The lockdown is affecting us all in different ways. But there seems to have been one thing we all have in common – we have all watched Tiger King on Netflix. The story of big cat collector Joseph Schreibvogel, aka Joseph Maldonado-Passage, aka Joe Exotic and his team at the Greater Wynnewood Exotic Animal Park in Oklahoma has everything: cuddly animals, wild animals, dodgy millionaires, animal rights zealots, wronged wives, missing persons, murder plots, accidental suicides and so many body piercings they probably had to ban magnets from the set.
It's populated by people who are almost without exception damaged, often literally – there's barely one that isn't missing teeth or limbs. Watching it is reminiscent of the era when people used to go to asylums for a Saturday afternoon's entertainment watching the antics of the lunatics. It's generally agreed that's not something we should do anymore.
In normal 21st-century times it might have been regarded as unseemly to exploit other people's misery for our entertainment. But maybe this is the new normal. We are all doing what we can to get through his, and maybe contemplating the possibility life at Joe's makes life under lockdown seem a much more preferable option.
For an equally entertaining and morally less compromised alternative, please consider the amazing range of services you can get through your local library. Basically: free books, movies, music, magazines, newspapers and more.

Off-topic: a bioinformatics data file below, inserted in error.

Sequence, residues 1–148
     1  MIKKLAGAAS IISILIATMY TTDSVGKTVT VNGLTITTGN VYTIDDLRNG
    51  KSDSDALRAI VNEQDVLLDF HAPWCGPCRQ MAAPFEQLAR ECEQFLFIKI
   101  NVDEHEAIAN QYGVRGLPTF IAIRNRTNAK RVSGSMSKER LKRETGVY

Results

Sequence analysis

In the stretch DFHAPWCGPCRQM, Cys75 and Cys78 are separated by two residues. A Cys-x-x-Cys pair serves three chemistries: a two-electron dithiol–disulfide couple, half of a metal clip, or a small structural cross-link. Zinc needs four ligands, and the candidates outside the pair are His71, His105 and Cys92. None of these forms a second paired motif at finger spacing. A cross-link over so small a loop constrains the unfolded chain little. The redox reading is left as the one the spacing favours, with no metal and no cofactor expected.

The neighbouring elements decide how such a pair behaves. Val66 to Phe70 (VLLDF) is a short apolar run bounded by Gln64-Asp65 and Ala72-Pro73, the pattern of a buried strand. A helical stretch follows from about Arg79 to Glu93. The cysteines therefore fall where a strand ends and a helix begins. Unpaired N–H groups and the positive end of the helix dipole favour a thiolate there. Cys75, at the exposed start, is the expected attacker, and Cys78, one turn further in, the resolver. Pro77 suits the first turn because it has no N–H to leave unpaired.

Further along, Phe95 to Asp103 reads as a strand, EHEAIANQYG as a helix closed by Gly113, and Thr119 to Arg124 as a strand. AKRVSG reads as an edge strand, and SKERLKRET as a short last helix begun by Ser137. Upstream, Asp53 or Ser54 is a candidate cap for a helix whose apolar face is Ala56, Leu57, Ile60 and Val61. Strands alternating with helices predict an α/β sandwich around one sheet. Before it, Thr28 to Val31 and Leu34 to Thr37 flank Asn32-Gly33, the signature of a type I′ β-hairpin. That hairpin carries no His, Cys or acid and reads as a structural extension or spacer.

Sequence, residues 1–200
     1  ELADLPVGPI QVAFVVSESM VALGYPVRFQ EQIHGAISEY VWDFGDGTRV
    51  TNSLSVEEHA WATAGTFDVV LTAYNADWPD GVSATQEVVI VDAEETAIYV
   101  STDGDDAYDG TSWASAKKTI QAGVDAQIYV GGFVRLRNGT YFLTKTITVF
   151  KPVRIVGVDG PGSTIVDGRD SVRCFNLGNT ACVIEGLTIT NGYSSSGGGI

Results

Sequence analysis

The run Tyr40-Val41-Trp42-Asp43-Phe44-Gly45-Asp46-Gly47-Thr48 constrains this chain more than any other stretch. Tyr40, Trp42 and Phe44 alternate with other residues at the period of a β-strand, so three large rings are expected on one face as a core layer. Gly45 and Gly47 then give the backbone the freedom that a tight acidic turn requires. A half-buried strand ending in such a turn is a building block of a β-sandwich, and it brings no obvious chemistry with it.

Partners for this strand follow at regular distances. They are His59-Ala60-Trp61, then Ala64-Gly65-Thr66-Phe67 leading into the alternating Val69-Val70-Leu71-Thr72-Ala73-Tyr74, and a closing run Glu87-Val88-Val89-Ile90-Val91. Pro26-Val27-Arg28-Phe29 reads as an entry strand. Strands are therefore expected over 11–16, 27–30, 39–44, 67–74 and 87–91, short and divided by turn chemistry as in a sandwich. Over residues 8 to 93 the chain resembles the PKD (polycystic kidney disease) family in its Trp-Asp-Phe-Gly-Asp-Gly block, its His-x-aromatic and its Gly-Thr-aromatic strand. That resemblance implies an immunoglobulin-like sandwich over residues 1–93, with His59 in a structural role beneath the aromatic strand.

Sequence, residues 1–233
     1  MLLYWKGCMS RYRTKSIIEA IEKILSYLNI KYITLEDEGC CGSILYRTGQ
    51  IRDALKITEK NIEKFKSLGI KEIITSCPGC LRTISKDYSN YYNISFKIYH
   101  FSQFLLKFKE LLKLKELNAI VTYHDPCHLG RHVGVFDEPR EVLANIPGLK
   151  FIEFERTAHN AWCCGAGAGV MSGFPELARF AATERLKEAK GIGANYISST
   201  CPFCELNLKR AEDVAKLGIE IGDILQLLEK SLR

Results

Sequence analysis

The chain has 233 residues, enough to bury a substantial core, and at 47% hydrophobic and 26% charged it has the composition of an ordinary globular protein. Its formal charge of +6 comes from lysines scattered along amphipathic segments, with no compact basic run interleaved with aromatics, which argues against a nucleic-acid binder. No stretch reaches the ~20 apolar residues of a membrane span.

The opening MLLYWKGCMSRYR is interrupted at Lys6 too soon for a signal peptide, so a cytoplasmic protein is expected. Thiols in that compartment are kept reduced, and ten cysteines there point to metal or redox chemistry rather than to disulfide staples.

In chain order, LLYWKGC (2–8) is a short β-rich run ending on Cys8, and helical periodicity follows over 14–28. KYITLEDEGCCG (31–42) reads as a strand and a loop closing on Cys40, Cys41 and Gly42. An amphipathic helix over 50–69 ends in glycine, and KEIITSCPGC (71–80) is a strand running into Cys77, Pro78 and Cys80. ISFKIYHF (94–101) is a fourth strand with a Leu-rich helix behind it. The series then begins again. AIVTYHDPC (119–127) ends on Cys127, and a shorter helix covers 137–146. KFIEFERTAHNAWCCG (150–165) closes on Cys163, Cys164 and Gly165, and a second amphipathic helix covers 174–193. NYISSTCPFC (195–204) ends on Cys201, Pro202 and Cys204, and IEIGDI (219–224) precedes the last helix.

Libraries went quietly and very digital some time ago. For the cost of your library membership – ie, your rates, you can access services such RB Digital which provides downloadable, up-to-date copies of magazines from the New Yorker to (until recently) North & South; or the Naxos archive of classical, world, folk and jazz music; or beamafilm.com, a library of classic and quirky cinema. And for traditionalists, there are books that can be borrowed in electronic form.
What better way to spend these enforced hours of idleness than by researching your family history – a notoriously time-consuming activity. Auckland Library has made the normally instore-only ancestry-com available online for the duration of the lockdown.
The being nice to each other thing seems to be going well. Acting as designated shopper for my bubble the other day I lined up patiently behind the pink social distance line painted on the footpath outside the supermarket. My bubble is one from which no other humans, apart from my wife and father-in-law, are ever visible so the sight of other humans was quite exciting. Unthinkingly, without the benefit of antibacterial wipes, hand sanitiser or other popular prophylactics, I grabbed a trolley from the outside rack and joined the line. The wiser soul ahead of me turned around and proffered a cloth and a large bottle of antiseptic spray.
"Want to do your trolley?"
"Oh yeah, of course, thanks."
"I bought this a few weeks ago and when I got it home I wondered when the heck I was ever gonna use it."
Some businesses will sail through the crisis, some will go to the wall and stay there, and some, like Air New Zealand, will have a long slow journey back. The airline has been a great New Zealand success story. It has survived numerous setbacks in an industry that seems to specialise in them. It's been painful to see it have the ground pulled out from under it this time.
It consistently broke new ground, innovating to get ahead in a ruthlessly constitute industry. It demanded and received a lot from its employees, up to 3500 of whom may lose their jobs before this is over. If it could irritate at times with its tendency to be self-congratulatory, it nevertheless had a lot to congratulate itself about.